A survey of suppression of public health information by Australian governments
Article first published online: 7 DEC 2007
Australian and New Zealand Journal of Public Health
Volume 31, Issue 6, pages 551–557, December 2007
How to Cite
Yazahmeidi, B. and Holman, C. D. J. (2007), A survey of suppression of public health information by Australian governments. Australian and New Zealand Journal of Public Health, 31: 551–557. doi: 10.1111/j.1753-6405.2007.00142.x
- Issue published online: 7 DEC 2007
- Article first published online: 7 DEC 2007
- Submitted: June 2007 Revision requested: September 2007 Accepted: October 2007
- Political censorship;
- official corruption;
- silencing dissension
Background: It is cause for concern when a democratically elected government suppresses embarrassing information by hindering public health research or the publication of research findings. We conducted a survey of Australian public health academics to estimate the level of acts of suppression of research by Australian governments, to characterise these events, and to gather views on what interventions might be effective in curbing them.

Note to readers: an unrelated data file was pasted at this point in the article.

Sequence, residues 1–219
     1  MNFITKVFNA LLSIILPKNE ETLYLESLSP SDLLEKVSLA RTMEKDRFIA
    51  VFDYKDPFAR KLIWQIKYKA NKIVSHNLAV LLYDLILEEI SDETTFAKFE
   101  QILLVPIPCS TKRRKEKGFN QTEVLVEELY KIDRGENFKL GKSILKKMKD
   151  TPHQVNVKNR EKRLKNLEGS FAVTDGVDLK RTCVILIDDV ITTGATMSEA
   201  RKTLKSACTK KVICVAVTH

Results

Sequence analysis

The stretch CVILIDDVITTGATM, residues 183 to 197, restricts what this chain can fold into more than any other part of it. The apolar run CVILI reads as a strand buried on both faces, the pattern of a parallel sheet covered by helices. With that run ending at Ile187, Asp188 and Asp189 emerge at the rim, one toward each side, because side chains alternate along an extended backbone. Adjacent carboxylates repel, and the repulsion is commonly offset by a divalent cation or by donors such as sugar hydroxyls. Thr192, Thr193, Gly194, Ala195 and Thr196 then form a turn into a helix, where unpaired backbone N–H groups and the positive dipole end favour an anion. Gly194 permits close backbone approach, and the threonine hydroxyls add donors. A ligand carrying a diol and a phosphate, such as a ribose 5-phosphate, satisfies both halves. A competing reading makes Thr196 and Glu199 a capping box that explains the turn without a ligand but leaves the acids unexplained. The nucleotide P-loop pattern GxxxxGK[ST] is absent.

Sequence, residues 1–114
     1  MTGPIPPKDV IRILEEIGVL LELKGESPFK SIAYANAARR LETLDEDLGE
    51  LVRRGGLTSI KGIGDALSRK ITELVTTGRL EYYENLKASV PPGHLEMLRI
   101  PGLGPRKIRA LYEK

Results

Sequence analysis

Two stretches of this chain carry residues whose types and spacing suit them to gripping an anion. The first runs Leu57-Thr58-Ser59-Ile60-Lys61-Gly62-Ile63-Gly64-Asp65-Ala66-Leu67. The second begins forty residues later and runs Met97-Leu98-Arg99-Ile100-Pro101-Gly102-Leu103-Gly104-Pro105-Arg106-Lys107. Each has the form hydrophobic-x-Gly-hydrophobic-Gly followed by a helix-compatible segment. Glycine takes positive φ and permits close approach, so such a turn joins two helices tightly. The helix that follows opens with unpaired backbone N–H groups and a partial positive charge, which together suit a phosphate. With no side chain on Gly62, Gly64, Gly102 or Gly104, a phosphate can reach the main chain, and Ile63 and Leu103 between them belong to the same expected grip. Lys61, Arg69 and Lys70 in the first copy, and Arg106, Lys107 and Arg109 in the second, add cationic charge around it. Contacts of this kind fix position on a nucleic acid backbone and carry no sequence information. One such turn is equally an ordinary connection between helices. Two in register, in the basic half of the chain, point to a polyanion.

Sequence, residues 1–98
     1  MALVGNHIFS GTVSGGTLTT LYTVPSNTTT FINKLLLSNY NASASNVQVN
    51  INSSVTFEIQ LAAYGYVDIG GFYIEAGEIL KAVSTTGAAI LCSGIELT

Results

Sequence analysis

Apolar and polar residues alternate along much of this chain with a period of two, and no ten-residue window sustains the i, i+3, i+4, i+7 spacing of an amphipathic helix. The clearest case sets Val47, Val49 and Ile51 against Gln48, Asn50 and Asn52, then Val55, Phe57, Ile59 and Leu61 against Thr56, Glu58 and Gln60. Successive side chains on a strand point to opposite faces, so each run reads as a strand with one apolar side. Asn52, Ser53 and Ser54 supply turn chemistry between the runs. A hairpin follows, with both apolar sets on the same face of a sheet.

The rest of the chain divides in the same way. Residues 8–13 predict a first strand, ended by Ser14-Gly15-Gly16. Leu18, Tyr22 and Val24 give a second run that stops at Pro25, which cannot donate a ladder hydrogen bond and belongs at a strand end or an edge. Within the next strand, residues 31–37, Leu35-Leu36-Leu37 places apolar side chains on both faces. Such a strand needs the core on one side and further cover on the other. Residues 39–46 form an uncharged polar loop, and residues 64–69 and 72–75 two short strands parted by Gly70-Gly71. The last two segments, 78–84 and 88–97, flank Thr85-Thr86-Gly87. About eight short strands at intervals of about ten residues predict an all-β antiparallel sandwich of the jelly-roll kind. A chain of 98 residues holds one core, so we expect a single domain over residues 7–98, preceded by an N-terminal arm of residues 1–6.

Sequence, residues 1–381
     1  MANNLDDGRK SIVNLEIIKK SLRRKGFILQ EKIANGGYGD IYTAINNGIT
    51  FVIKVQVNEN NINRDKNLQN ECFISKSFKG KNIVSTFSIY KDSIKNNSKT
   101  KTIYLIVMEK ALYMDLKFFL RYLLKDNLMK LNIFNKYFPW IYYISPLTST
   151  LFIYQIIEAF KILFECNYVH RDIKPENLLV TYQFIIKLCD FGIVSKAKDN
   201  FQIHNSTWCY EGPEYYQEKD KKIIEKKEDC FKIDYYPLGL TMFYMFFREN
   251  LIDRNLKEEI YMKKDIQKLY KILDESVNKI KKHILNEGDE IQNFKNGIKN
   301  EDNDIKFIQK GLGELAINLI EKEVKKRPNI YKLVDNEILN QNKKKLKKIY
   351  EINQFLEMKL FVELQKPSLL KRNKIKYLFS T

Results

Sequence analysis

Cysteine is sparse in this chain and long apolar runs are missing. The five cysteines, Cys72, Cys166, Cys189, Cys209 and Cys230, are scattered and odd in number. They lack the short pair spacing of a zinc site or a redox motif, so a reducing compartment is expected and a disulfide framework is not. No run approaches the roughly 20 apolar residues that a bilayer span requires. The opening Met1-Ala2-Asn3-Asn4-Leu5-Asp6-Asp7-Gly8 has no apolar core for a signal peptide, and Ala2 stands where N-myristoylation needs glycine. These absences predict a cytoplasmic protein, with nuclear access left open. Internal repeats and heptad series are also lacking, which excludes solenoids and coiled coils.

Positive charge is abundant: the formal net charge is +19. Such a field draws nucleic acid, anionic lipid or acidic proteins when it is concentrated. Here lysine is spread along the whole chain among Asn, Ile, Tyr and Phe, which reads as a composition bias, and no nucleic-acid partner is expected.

Methods: A total of 302 academics in 17 institutions completed a postal questionnaire in August 2006 (46% of 652 invited). The instrument sought details of suppression events they had witnessed since 2001.
Results: There were 142 suppression events, including 85 personally experienced by 21.2% (n=64) of respondents. The rates were higher in 2005/06 than in earlier years. No State or Territory was immune from suppression. Although governments most commonly hindered research by sanitising, delaying or prohibiting publications (66% of events), no part of the research process was unaffected. Researchers commonly believed their work was targeted because it drew attention to failings in health services (48%), the health status of a vulnerable group (26%), or pointed to a harm in the environment (11%). The government agency seeking to suppress the health information mostly succeeded (87%) and, consequently, the public was left uninformed or given a false impression. Respondents identified a full range of participative, cognitive, structural and legislative control strategies.
Conclusion: The suppression of public health information is widely practised by Australian governments.
Implications: Systemic interventions are necessary to preserve the integrity of public health research conducted with government involvement.